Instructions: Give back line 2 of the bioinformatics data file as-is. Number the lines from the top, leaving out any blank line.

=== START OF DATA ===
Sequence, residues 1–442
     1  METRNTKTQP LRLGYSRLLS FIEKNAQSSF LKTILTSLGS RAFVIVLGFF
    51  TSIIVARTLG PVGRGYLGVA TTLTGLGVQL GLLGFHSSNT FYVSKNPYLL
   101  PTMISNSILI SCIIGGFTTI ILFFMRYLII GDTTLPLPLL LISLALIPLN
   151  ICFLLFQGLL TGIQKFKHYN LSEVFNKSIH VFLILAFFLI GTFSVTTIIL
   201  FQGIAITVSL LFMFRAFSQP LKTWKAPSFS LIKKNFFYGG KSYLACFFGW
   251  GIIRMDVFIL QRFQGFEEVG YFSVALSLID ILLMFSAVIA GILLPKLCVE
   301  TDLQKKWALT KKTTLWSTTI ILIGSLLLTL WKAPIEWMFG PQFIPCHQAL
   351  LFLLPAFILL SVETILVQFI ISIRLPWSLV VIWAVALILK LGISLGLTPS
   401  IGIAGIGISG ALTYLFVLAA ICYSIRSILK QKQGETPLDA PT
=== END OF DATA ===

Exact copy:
     1  METRNTKTQP LRLGYSRLLS FIEKNAQSSF LKTILTSLGS RAFVIVLGFF